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Athletes welcome DA credit to bank accounts to curb corruption

960   //    25 Jul 2013, 18:30 IST
Indian athletes wave their national flag

Indian athletes during South Asian Games, 2010, Dhaka.

New Delhi, July 25 (IANS) Athletes who have often suffered from administrative high-handedness in Indian sports have welcomed the government’s move to credit their daily allowances to their bank accounts.

Sports Authority of India (SAI) Director General Jiji Thomson has said that allowances for athletes going overseas for training and competitions will from now on be directly credited to their bank accounts instead of being routed through officials of the federation concerned.

“If this is true, it is great news for the athletes. Though I have been going overseas with the Indian team for a decade, only a couple of years ago I found out that we were entitled to $25 per day on tours. Shockingly, we used to get paid $50 for the entire trip,” a top international archer told IANS, not wanting to be named.

On their part, the federations say the SAI step doesn’t mean much to them.

“It is good that the government will be directly paying the athletes. They money issue becomes totally their responsibility now,” Indian Boxing Federation president Abhishek Matoria told IANS.

Dhanraj Choudhary, secretary general of the Table Tennis Federation of India, said: “The federation will not gain by cheating athletes by withholding their full entitlement of the DA money. In fact it makes our job easier that they will be paid directly.”

Athletes get $100 per day on Europe and America tours for their board, lodging and other incidental expenses. Twentyfive percent of this is actually pocket money. The entitlement is $75 for other countries.

“Whenever we asked for our daily allowance, the federation official used to say that the money had not been received from SAI and we would get it later, adding that ‘why do you need anything when your food and stay are taken care of by us?’,” said the archer.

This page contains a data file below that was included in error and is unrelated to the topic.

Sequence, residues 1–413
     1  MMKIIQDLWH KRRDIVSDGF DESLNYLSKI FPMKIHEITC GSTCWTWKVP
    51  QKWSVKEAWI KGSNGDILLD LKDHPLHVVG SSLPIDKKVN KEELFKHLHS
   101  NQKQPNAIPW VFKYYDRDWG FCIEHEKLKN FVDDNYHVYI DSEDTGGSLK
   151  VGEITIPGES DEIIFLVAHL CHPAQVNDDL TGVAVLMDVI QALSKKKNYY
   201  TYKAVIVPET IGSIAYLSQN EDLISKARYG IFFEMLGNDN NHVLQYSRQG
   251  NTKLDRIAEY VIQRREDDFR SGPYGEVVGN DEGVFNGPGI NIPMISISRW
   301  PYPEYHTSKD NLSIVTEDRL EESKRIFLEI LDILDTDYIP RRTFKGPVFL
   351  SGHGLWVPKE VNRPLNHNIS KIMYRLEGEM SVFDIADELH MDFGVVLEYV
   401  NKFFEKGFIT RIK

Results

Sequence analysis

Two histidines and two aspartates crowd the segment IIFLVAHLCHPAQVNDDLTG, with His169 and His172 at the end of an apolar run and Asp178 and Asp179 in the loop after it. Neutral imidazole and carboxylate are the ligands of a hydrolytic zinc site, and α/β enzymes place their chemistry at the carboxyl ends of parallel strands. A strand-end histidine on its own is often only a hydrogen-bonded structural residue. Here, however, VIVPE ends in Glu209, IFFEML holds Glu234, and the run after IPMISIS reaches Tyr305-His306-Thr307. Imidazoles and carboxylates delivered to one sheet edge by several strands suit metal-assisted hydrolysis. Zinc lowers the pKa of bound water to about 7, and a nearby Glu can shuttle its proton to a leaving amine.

By the time he became a senior in the team, the marksman saw the juniors getting similar treatment.


“I have seen the officials giving Rs. 500 to juniors as pocket money for the tour. Nobody dared to ask them anything.”

Interestingly, the archer revealed that the contingent got the stipulated amount during his last two visits as the Archery Association of India (AAI) had no role to play.

“I suppose this happened because the AAI is derecognised by the sports ministry and a SAI official travelled with the team,” the archer added.

Dipika Pallikal, the first Indian squash player to break into the world’s top 10, said SAI’s decision is the right one.

“Being a professional, I don’t have to deal with my federation. I make arrangements for all my WSA tour events. It is only for team events that I travel with the national squad. I usually get the money, before or after I come back. But for juniors and other guys who are dependent on the federation, it is great that they will not have to ask for their money as a right,” Pallikal told IANS.

The 2006 Commonwealth Games gold medallist boxer, Akhil Kumar, however, said getting cash in hand may cut both ways: The athletes will get their full money and at the same time, the athletes can also blow it up.

“I would like to believe that it is a good move. We will have to wait and see how it is implemented. In one way, it will improve transparency and on the other, the boys could do anything with the money,” said Akhil Kumar.

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